Governor Andrew Cuomo today finally got around to announcing most of the members of the “Tax Reform and Fairness Commission,” which he first promised to create a year ago as part of the legislative deal that temporarily extended the state’s income tax hike on million-dollar earners.
New York residents will pay almost $90 billion in added taxes over the next two years if the federal government plunges over its fiscal “cliff” with no changes to current law, according to a timely report issued last week by Comptroller Thomas DiNapoli. The scheduled tax changes outweigh the impact of scheduled “sequestration” cuts to federal spending, which would cost the state and local governments $5 billion over the next nine years, including a $600 million hit to the state budget in fiscal 2013.
“Cash-strapped New York has tentatively chosen the highest bidder to produce driver’s licenses under a disputed contract that would provide only black-and-white photos and end up costing the state nearly $38 million more than the current contract if it’s approved,” the AP reports.
The prices of some previously high-flying stocks such as Apple recently have been plummeting, and the stock market has just suffered “its worst week of declines in five months,” the Wall Street Journal reports. This is not good news for savers and investors — but it may be causing sighs of relief in some corners of the state Capitol.
Retiree health benefits for state and local government employees are a huge, unfunded and rapidly growing liability for taxpayers throughout New York.
The combined state and local tax burden on New York residents in 2010, the year before Governor Andrew Cuomo took office, reached its highest level since 1994, the last year his father held the same office, as measured by data released today by the Tax Foundation...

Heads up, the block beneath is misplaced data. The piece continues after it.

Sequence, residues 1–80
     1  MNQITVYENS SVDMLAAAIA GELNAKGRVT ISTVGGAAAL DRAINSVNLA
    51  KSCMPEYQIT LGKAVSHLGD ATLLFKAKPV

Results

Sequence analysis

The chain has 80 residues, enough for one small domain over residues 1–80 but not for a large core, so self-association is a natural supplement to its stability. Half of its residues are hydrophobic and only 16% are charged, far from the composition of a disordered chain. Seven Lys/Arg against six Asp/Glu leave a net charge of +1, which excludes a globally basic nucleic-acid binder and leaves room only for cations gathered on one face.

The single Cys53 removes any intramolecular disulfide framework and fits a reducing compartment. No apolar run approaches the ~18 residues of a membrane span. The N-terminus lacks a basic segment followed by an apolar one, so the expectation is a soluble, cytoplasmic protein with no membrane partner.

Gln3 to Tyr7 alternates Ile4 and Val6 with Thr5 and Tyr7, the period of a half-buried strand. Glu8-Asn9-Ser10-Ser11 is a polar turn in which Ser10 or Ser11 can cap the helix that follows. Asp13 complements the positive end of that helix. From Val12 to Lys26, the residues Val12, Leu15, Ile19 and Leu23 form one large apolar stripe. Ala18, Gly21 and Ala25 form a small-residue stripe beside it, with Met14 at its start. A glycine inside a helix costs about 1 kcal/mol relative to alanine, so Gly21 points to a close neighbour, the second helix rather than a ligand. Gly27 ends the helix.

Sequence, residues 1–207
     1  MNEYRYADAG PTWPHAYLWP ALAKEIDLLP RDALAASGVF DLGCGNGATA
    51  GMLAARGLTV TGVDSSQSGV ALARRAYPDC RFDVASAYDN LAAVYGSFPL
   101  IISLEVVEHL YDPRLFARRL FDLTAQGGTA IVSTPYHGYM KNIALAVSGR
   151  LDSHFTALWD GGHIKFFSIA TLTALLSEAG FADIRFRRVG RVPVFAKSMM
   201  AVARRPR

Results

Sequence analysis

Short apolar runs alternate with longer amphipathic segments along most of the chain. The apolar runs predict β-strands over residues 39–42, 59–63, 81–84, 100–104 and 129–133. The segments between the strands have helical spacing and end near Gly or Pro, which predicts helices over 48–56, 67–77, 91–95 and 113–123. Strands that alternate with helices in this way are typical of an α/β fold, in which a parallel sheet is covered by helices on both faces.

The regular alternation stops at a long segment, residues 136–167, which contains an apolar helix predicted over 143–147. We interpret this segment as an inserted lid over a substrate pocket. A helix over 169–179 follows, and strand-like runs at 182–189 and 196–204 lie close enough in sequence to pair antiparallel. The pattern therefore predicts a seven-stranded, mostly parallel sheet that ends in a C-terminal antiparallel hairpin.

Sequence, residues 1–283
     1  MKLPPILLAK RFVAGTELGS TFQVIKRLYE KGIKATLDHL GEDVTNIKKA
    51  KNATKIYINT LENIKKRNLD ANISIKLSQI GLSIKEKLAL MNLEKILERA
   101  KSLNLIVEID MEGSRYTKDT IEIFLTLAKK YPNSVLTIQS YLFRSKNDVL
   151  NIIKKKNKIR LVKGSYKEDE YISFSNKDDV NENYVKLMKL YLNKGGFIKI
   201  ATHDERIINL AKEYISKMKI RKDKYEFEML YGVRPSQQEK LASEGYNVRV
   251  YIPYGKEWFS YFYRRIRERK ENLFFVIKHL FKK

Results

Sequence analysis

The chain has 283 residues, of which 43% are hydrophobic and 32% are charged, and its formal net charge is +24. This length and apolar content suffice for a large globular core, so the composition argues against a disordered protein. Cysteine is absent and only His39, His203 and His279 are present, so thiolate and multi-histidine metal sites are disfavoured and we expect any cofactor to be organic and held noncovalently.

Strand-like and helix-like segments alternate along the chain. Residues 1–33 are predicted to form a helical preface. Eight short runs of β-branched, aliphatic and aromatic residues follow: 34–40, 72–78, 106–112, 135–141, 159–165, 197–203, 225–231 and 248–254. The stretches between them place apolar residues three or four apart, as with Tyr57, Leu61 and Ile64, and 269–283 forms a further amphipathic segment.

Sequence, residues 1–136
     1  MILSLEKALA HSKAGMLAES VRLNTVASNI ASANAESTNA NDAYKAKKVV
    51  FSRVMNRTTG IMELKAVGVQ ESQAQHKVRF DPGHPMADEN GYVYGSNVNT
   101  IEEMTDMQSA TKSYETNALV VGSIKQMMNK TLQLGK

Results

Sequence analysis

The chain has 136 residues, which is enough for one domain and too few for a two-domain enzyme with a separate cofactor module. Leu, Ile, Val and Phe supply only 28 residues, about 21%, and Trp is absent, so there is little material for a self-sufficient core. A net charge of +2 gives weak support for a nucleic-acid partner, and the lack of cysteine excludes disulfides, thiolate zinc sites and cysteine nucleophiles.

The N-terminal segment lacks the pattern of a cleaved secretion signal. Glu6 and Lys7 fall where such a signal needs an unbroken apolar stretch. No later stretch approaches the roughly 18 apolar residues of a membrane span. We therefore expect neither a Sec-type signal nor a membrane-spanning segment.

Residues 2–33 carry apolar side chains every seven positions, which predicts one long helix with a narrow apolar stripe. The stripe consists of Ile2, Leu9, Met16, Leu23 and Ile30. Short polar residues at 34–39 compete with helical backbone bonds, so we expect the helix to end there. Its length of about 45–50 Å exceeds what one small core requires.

“The first casualty of war is always the truth,” Winston Churchill observed. The same might be said of political battles. Around New York in this campaign season, incumbent state legislators in both parties have been bending facts into pretzels when they discuss their recent records on state taxes, in particular.
Local government is a labor-intensive business, and employee compensation is the single biggest element of most municipal budgets. The 2011-12 edition of What They Make, the Empire Center’s annual report on public payrolls, allows New York taxpayers to compare this key element of local government costs around the state.
Assembly Speaker Sheldon Silver has jumped on the bandwagon in favor of raising New York City’s top resident income tax rate — just a day after two undeclared 2013 mayoral candidates, City Council Speaker Christine Quinn and then-City Comptroller William Thompson stepped (somewhat gingerly) off it.
New York ranks 50th — meaning “worst” — in the Tax Foundation’s 2013 State Business Tax Index, released today. The Empire State’s ranking tumbled back to last place after climbing all the way up to number 48 in the 2011 Index.
Federal Medicaid reimbursements to New York State could be cut by $1 billion a year to make up for more than two decades of excessive claims that one congressman compared to “fraud.”
State Sen. Tom Libous of Binghamton, deputy leader of the Republican majority in the Legislature’s upper house, has been running a campaign commercial that takes credit for working with Governor Andrew Cuomo to enact, among other things, “the largest middle-class tax cut in 58 years.”